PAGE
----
University of St. Thomas Law Professor David Grenardo has published "Getting to the Root of the Problem: Where Are All the Black Owners in Sports?" The article, forthcoming in the University of Missouri-Kansas City School of Law Review, discusses the lack of Black owners, head coaches and other lead team executives in professional sports in the U.S. and examines why current efforts, such as the Rooney Rule, are insufficient.
The paper was peer reviewed by St. Thomas Law Clinical Professor Carl Warren, who is an expert on race and the law and director of the St. Thomas Community Justice Project. Second-year law students Alex Kautza, Gabrielle Murphy, Lena Atchan, Ajang Ekinde and Stella Haberman assisted Grenardo with research.
Many decry the lack of Black and other racial minority head coaches and team executives in professional sports in the United States. The problem lies partly in the fact that people usually hire people who are like them. The owners of sports teams hire the head coaches, along with the lead team executives (LTE), such as the general manager and team CEO/president who help run the team. Of the 151 sports teams in the five major professional sports in the United States, the current total of majority owners who are Black equals one: Michael Jordan. The vast majority of owners are White males, as are the head coaches and LTE in those leagues.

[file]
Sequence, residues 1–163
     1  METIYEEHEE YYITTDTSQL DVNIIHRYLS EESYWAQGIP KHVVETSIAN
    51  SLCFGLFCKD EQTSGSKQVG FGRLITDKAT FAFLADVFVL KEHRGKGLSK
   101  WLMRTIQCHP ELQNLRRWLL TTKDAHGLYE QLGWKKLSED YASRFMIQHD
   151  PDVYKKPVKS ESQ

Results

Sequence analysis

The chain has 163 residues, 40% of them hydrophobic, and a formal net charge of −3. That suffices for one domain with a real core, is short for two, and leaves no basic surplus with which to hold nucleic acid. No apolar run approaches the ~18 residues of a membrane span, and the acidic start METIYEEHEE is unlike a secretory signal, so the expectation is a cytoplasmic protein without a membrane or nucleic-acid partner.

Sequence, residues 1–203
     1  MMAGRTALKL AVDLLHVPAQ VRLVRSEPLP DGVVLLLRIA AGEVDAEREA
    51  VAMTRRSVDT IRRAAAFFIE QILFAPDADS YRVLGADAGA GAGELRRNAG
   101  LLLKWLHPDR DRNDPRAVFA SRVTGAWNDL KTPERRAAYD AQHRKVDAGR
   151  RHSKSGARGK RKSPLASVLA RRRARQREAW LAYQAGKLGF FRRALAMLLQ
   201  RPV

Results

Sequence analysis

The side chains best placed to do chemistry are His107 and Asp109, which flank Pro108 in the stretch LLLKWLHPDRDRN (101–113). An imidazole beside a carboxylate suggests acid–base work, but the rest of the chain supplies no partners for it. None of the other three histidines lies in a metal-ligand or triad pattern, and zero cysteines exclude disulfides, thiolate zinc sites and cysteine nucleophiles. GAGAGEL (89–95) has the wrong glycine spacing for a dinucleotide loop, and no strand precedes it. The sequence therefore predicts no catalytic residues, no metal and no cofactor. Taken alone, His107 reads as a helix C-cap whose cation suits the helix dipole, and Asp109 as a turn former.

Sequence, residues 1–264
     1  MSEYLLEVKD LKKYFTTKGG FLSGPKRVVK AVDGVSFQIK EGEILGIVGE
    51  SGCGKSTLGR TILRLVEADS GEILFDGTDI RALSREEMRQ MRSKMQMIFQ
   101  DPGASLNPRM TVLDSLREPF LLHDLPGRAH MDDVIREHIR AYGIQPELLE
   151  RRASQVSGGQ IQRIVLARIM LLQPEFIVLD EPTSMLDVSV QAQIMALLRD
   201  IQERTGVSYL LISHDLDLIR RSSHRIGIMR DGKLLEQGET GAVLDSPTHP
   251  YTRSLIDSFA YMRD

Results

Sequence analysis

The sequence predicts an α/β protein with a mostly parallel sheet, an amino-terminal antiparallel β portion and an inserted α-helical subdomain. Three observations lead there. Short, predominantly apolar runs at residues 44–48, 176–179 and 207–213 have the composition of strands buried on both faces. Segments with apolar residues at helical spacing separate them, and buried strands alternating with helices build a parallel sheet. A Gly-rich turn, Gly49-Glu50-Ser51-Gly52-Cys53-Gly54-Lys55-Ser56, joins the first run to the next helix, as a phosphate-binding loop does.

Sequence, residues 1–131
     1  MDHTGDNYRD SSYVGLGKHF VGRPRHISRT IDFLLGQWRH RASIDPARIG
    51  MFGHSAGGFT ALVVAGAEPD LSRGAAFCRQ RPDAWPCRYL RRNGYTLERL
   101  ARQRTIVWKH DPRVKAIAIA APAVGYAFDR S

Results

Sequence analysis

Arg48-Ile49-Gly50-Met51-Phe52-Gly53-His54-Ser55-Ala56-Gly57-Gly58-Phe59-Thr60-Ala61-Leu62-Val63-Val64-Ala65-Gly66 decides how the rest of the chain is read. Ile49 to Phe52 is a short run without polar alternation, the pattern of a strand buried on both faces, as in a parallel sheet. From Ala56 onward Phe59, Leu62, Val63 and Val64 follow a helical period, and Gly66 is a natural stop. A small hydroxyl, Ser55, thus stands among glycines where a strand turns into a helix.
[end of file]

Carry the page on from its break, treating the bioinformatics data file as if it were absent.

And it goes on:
The lack of Black owners, head coaches, and LTE can also be explained by concepts attributable to racism, such as institutional racism and White supremacy, as well as implicit and unconscious bias. Critical Race Theory, which has become highly politicized, also sheds light on these issues in professional sports. If leagues want to see more Black head coaches and LTE, then the people making those hiring decisions must change. Simply put, if Blacks become majority owners of teams, then they will start hiring more Black head coaches and LTE. This article proposes a plan for increasing Black owners in the major sports leagues in the United States.